Hansi, the Girl who Loved the Swastika Information

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https://en.wikipedia.org/wiki/Hansi,_the_Girl_who_Loved_the_Swastika

Hansi: The Girl who Loved the Swastika is an autobiographical book by Czech-born American author Maria Anne Hirschmann. [1] Originally published as I Changed Gods in 1968, [2] it was more popularly released in 1973 as Hansi: The Girl Who Loved the Swastika,  which according to her Amazon biography, sold more than 400,000 copies and was translated into several languages including Polish and Russian. Later editions are titled Hansi: The Girl who Left the Swastika. Her autobiography was also published as a comic book by Spire Christian Comics.

The book chronicles Hirschmann's early childhood as an orphan and her subsequent indoctrination by the Hitler Youth after the Nazi invasion of Czechoslovakia. At the end of World War II she fled from the Soviet-occupied territories to those controlled by the American army. Hirschmann describes her disillusionment with the Nazi ideology, which she calls brainwashing. [3] She comes to repudiate Nazism and develops a great appreciation for the American people. The book concluded with her immigration to the United States where she founded a Christian ministry. [4] Hirschmann has led Hansi Ministries since 1974 and released several more books discussing her youth and her religious beliefs.

Comic book adaptation

In 1973, Hansi: The Girl who Loved the Swastika became one of Spire Christian Comics biographical series. Based on the autobiography, it was drawn by Al Hartley, a comic veteran whose career dated back to the 1940s, who became a born-again Christian later in life. [5]

Comic book historian Fredrik Strömberg, in his 2010 book Comic Art Propaganda: A Graphic History, stated, "it’s quite a fascinating story and becomes even more so when you know that it was based on a true story. The Hansi comic book was part of a series of biographies of famous Christians in the 1970s... the Hansi comic book was based on the autobiography of Maria Anne Hirschmann, who actually lived through most of what is described in the comic." [6]: 121 

Plot

Hansi is a naïve young peasant girl in Sudetenland, who is mesmerized by the Führer and reading books. After the Sudetenland is transferred from Czechoslovakia to Germany in October 1938, she welcomes the Sudetenland "going home to the Reich". She wins a contest, organized by Adolf Hitler, that picks students for special training in National socialist schools in Prague. Her mother is delighted, but warns her in advance to "never forget Jesus Christ". As Hansi arrives in Prague, she is educated into antisemitism, but has doubts since Jesus himself was a Jew. Still, despite people informing her about the famine and horrors of the war she remains enthusiastic about Hitler.

Hansi is also in love with a German U-boat sailor named Rudy, but his parents disapprove of the marriage because she is just a peasant. Since she doesn't want to break him and his parents apart she breaks the relationship off. By now Hansi is so brainwashed that she condemns the Bible as "outdated" and only fit for "cowards and weaklings". As the war progresses Hansi and other people have to evacuate Prague because the Russians are on their way. Despite other people around her realizing that the war is a lost cause, Hansi remains confident in the Führer. She is sent off to a Russian prisoner camp, where she and other girls have to work in slave labor and become victim of rape, except for Hansi who is too skinny to be taken advantage of by the men. Hansi and a girlfriend decide to escape to the American prisoner camps, despite her friend's objections about the USA. They manage to cross the border safely and escape Red Army soldiers trying to shoot refugees. Despite all the misery around her, Hansi still has her faith in Jesus. As Hansi reaches the American prisoner camp, she is amazed how good the American soldiers treat her. As the war is over and Germany lies in rubble Hansi decides to become a teacher.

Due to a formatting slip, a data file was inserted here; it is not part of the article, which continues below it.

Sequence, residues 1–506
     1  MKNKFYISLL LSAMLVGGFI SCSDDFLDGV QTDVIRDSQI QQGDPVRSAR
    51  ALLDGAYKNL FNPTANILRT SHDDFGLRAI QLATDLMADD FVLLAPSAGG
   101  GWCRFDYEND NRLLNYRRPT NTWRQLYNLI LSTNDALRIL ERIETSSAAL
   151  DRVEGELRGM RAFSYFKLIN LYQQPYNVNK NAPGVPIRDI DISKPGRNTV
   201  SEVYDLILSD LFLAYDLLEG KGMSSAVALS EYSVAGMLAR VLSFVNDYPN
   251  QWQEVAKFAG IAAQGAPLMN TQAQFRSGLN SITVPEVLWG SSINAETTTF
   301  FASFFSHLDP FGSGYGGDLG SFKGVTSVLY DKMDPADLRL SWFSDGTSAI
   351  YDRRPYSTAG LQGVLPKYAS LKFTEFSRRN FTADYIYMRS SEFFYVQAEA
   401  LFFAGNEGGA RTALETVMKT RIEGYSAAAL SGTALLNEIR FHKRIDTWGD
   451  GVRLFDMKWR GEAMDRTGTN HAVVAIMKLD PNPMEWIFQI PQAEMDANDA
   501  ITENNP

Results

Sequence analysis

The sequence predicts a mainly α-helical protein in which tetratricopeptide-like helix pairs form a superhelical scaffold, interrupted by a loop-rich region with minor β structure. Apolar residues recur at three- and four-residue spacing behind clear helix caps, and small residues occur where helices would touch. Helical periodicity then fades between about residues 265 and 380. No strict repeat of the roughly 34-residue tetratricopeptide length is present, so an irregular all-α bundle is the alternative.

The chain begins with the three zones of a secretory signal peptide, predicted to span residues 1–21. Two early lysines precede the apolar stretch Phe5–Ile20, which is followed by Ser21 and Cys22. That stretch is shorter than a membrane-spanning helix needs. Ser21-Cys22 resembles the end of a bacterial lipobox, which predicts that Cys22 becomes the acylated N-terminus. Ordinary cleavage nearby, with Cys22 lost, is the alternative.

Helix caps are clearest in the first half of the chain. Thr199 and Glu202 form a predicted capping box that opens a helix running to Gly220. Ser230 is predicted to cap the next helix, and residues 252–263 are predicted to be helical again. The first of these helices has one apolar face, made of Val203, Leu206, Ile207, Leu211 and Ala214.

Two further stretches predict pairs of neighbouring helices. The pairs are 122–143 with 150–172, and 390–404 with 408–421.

Then it turns out Rudy is still alive. They become a couple again, but after a year they feel something "is missing from their lives". Rudy re-introduces Hansi to the Bible, but she feels unsure whether she can still believe as she suffered through so much misery. Over the years she and Rudy raise a family and become good Christians. They travel to the US, where Hansi wonders whether all the materialism "obscured God's blessings" and made her students "troubled" and "unsure where to give their allegiance". As Hansi takes the flag salute, she is finally convinced about the goodness of the United States, when she hears the phrase " one nation under God", because "it's all right to love what God has blessed". Now Rudy and Hansi decide to promote the Bible to young people and explain the splendor of America's freedom.

References

  1. ^ Hirschmann, Maria Anne (1973). Hansi; the girl who loved the swastika. Internet Archive. Wheaton, Ill., Tyndale House Publishers. ISBN  978-0-8423-1290-5.
  2. ^ Hirschmann, Maria Anne (1968). I Changed Gods. Pacific Press Pub. Association.
  3. ^ "Prayer breakfast speaker captivates". RiverTowns. May 4, 2010. Retrieved 2020-09-06.
  4. ^ "Ex-Nazi urges U.S. to value freedom". The Globe. Retrieved 2020-08-30.
  5. ^ "Hansi: The Girl who Loved the Swatsika". Gone and Forgotten. Archived from the original on November 18, 2015. Retrieved November 18, 2015.
  6. ^ Strömberg, Fredrik (2010). Comic art propaganda : a graphic history. Lewes, East Sussex: IIex. ISBN  978-1-905814-70-1. OCLC  535456843.

External links

Hansi at the Internet Archive